As content providers continue to move away from physically selling disks of music or video, in favor of selling media online, home users' storage needs are expected to sky-rocket.
Indeed, the worldwide market for consumer network storage will increase from its current nascent state of $305 million in 2006 to nearly $1.2 billion by 2011, according to ABI Research of Oyster Bay, N.Y. Today, less than 4% of home-network owners use any form of network-attached storage, said Michael Wolf, principal analyst.
But that will change.
"[We] see network-attached storage products as a value-added feature that VARs can sell at the time they install a home office/data network," according to Kurt Scherf, vice president and principal analyst at Parks Associates, a Dallas-based research firm.
"Initially, these products will be used primarily by consumers to safely back up and protect their personal digital content and files, but their role will expand to include storing and streaming multimedia music, video, etc. around the home," Scherf said.
Parks Associates expects sales of network-attached storage devices to reach 4 million units by the end of 2010.
Storage-hungry applications will grow exponentially, agreed David Wexler, co-owner of The Little Guys, a Glenwood, Ill.-based home cinema, audio-video and network provider. "At some point all the media will be stored on hard drives," he said. "The upside is storage has become cheaper." Vendors many of which have a history of working with the channel are developing products designed to meet the home market's price point, reliability and ease-of-use concerns.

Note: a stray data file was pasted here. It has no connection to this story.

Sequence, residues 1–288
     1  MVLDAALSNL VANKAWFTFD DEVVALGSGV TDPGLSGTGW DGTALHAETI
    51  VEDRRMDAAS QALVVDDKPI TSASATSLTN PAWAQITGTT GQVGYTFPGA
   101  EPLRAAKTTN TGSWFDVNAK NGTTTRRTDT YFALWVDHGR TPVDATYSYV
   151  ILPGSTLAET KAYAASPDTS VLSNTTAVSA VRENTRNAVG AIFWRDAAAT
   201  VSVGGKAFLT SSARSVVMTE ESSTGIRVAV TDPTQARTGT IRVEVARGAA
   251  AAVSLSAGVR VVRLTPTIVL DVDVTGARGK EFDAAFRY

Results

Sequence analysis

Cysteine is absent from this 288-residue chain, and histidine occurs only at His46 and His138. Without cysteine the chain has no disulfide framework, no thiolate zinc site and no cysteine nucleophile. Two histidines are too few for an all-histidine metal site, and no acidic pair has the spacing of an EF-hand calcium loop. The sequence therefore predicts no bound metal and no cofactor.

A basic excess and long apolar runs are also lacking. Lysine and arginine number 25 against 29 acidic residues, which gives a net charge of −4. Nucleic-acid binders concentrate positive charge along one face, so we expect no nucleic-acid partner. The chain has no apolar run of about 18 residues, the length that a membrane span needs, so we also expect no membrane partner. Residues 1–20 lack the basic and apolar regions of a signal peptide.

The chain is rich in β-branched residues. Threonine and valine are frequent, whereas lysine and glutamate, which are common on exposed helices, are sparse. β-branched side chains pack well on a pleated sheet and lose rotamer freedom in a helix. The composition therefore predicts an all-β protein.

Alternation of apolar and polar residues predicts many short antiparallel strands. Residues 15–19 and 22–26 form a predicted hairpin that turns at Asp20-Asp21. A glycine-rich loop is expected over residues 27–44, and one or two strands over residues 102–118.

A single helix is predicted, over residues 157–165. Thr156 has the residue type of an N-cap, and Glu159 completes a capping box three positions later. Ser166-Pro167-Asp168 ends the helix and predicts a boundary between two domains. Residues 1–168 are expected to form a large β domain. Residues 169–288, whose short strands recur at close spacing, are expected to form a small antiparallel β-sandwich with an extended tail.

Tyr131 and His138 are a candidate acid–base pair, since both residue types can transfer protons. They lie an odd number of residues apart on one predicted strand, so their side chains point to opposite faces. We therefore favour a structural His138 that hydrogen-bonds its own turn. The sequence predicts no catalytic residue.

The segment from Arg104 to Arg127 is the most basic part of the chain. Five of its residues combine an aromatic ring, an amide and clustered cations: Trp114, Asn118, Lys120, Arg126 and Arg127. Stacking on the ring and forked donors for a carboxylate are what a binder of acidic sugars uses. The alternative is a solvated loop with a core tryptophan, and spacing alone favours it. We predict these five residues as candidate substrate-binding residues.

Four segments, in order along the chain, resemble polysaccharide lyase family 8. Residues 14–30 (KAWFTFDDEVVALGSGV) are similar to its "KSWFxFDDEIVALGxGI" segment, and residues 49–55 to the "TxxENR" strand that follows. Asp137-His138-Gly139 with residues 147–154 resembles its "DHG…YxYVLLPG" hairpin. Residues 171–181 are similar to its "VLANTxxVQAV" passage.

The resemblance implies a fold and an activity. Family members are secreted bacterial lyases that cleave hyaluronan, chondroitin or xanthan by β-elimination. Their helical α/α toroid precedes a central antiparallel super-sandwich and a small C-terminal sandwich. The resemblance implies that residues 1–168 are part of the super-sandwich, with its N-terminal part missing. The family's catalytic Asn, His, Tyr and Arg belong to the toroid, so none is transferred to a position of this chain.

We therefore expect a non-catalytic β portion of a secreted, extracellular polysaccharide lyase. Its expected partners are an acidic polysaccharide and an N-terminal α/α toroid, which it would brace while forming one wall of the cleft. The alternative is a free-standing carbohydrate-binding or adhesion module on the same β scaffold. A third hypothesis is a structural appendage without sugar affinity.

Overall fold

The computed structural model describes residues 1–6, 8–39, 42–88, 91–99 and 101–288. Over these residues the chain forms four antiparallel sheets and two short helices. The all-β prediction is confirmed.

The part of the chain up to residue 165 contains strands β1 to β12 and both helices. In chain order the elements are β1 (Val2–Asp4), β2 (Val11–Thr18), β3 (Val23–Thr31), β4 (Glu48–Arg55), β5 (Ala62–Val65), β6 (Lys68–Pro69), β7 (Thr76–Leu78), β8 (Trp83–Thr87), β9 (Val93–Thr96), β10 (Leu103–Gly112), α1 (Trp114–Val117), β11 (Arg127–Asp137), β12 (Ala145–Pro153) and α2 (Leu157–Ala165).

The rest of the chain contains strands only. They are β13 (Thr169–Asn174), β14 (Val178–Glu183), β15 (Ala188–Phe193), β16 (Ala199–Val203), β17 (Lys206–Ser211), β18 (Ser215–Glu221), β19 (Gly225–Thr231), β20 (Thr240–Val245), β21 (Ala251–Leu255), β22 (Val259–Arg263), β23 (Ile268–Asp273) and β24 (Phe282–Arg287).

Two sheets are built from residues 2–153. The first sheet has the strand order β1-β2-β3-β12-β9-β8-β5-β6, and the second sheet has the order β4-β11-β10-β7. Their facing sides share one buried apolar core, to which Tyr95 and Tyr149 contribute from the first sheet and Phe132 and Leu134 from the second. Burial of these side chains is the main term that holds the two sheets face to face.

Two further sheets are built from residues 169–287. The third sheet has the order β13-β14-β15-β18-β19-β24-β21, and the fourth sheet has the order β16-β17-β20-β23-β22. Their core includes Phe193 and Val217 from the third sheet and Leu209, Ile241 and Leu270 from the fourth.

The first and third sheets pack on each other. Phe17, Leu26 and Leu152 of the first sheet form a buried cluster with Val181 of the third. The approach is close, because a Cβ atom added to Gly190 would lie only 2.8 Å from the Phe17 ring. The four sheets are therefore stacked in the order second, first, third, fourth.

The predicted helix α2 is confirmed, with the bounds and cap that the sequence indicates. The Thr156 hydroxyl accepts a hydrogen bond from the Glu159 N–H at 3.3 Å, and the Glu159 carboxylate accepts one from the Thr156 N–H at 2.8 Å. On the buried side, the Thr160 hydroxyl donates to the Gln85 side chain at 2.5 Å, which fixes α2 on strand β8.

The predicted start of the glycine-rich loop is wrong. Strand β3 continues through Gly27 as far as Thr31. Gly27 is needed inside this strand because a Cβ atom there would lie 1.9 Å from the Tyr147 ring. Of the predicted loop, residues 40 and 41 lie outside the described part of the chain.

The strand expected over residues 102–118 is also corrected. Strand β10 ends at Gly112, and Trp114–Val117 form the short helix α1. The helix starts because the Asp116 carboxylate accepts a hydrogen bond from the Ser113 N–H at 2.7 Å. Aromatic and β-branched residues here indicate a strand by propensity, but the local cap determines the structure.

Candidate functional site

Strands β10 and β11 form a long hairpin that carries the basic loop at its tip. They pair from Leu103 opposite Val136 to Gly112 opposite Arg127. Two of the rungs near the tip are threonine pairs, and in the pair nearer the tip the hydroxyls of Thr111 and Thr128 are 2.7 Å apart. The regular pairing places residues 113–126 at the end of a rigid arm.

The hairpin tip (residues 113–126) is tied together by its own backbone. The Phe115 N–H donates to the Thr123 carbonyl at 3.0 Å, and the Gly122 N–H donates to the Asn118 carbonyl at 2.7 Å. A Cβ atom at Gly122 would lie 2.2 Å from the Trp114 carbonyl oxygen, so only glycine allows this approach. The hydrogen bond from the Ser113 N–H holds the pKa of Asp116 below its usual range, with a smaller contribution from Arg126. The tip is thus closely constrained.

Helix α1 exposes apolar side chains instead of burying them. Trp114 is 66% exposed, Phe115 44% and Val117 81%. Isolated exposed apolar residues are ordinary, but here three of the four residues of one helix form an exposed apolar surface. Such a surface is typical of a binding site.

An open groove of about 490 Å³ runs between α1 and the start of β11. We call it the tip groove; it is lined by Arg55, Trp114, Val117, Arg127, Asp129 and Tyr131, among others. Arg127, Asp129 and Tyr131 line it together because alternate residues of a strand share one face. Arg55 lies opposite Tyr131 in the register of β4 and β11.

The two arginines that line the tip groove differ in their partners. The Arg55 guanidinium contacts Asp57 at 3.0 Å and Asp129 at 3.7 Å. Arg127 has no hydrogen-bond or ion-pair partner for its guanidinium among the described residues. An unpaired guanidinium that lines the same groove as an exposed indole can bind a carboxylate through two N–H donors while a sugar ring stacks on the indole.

In October, for example, Hewlett-Packard Co. unveiled several storage products aimed at the home market. The HP Media Vault is an expandable solution designed to let consumers easily back up and share up to 340 hours of movies, 16,000 hours of music or 500,000 photos across a home network, the developer claims. The HP Pocket Media Drive is a 2.5-inch USB hard drive in 80 gigabyte and 120 GB capacities, according to the Cupertino, Calif.-based developer.
"The digital lifestyle is here," said Todd Bradley, executive vice president, Personal Systems Group at HP, during the roll-out at the Manhattan Center in New York.
In August MSR Development Corp. began shipping BackMaster 4.0, a backup and disaster recovery utility for individual and small business PC users to protect and archive important personal data files, pictures, digital music, emails, contacts, programs and system settings from computer failure or other natural or man-made disaster. One license can be used on up to three systems, said Dudley Westlake, CEO of the Carlsbad, Calif.-based software developer.
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